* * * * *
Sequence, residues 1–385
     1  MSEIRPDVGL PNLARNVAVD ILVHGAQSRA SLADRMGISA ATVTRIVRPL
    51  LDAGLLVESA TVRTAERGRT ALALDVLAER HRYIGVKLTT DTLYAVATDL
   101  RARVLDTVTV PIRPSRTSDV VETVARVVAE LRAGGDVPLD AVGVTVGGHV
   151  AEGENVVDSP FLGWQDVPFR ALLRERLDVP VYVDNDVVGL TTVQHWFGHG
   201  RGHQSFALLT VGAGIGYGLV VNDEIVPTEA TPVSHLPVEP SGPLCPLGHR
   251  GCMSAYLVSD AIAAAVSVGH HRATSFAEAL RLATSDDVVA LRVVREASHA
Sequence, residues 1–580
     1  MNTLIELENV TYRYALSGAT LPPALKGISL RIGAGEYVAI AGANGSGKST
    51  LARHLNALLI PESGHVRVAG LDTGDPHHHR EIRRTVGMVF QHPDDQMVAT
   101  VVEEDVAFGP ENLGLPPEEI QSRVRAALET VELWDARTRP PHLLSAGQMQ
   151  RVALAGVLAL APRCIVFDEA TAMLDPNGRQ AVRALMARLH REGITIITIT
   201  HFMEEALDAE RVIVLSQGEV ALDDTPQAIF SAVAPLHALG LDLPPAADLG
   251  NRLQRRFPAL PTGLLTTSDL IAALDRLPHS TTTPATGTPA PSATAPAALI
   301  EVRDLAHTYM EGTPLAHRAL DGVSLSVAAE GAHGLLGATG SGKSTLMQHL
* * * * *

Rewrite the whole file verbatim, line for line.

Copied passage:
Sequence, residues 1–385
     1  MSEIRPDVGL PNLARNVAVD ILVHGAQSRA SLADRMGISA ATVTRIVRPL
    51  LDAGLLVESA TVRTAERGRT ALALDVLAER HRYIGVKLTT DTLYAVATDL
   101  RARVLDTVTV PIRPSRTSDV VETVARVVAE LRAGGDVPLD AVGVTVGGHV
   151  AEGENVVDSP FLGWQDVPFR ALLRERLDVP VYVDNDVVGL TTVQHWFGHG
   201  RGHQSFALLT VGAGIGYGLV VNDEIVPTEA TPVSHLPVEP SGPLCPLGHR
   251  GCMSAYLVSD AIAAAVSVGH HRATSFAEAL RLATSDDVVA LRVVREASHA
Sequence, residues 1–580
     1  MNTLIELENV TYRYALSGAT LPPALKGISL RIGAGEYVAI AGANGSGKST
    51  LARHLNALLI PESGHVRVAG LDTGDPHHHR EIRRTVGMVF QHPDDQMVAT
   101  VVEEDVAFGP ENLGLPPEEI QSRVRAALET VELWDARTRP PHLLSAGQMQ
   151  RVALAGVLAL APRCIVFDEA TAMLDPNGRQ AVRALMARLH REGITIITIT
   201  HFMEEALDAE RVIVLSQGEV ALDDTPQAIF SAVAPLHALG LDLPPAADLG
   251  NRLQRRFPAL PTGLLTTSDL IAALDRLPHS TTTPATGTPA PSATAPAALI
   301  EVRDLAHTYM EGTPLAHRAL DGVSLSVAAE GAHGLLGATG SGKSTLMQHL